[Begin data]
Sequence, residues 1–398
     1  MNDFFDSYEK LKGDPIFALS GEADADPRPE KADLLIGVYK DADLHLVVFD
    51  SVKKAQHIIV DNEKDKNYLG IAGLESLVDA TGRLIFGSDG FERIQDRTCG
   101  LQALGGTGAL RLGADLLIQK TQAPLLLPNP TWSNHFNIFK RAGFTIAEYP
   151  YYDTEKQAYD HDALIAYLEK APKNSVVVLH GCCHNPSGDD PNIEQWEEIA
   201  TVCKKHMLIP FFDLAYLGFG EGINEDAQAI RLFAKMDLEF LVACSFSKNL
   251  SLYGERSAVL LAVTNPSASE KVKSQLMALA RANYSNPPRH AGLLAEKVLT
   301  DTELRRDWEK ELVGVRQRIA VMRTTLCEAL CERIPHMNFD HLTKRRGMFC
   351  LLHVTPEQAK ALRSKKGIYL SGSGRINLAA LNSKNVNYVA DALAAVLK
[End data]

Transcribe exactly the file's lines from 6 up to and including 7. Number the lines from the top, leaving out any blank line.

   201  TVCKKHMLIP FFDLAYLGFG EGINEDAQAI RLFAKMDLEF LVACSFSKNL
   251  SLYGERSAVL LAVTNPSASE KVKSQLMALA RANYSNPPRH AGLLAEKVLT